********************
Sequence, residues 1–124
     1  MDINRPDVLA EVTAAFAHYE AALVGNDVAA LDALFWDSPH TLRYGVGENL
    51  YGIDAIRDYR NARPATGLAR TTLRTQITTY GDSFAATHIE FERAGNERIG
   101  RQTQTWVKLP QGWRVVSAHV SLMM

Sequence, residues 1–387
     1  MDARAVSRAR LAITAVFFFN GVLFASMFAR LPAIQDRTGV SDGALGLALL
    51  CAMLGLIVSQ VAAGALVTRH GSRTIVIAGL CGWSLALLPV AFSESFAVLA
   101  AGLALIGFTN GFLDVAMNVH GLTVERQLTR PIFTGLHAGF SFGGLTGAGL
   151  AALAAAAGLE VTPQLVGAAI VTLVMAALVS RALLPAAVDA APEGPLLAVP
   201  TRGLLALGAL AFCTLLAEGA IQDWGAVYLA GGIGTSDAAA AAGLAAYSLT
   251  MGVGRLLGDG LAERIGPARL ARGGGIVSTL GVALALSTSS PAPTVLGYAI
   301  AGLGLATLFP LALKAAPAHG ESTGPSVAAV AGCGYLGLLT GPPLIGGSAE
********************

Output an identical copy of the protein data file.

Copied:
Sequence, residues 1–124
     1  MDINRPDVLA EVTAAFAHYE AALVGNDVAA LDALFWDSPH TLRYGVGENL
    51  YGIDAIRDYR NARPATGLAR TTLRTQITTY GDSFAATHIE FERAGNERIG
   101  RQTQTWVKLP QGWRVVSAHV SLMM

Sequence, residues 1–387
     1  MDARAVSRAR LAITAVFFFN GVLFASMFAR LPAIQDRTGV SDGALGLALL
    51  CAMLGLIVSQ VAAGALVTRH GSRTIVIAGL CGWSLALLPV AFSESFAVLA
   101  AGLALIGFTN GFLDVAMNVH GLTVERQLTR PIFTGLHAGF SFGGLTGAGL
   151  AALAAAAGLE VTPQLVGAAI VTLVMAALVS RALLPAAVDA APEGPLLAVP
   201  TRGLLALGAL AFCTLLAEGA IQDWGAVYLA GGIGTSDAAA AAGLAAYSLT
   251  MGVGRLLGDG LAERIGPARL ARGGGIVSTL GVALALSTSS PAPTVLGYAI
   301  AGLGLATLFP LALKAAPAHG ESTGPSVAAV AGCGYLGLLT GPPLIGGSAE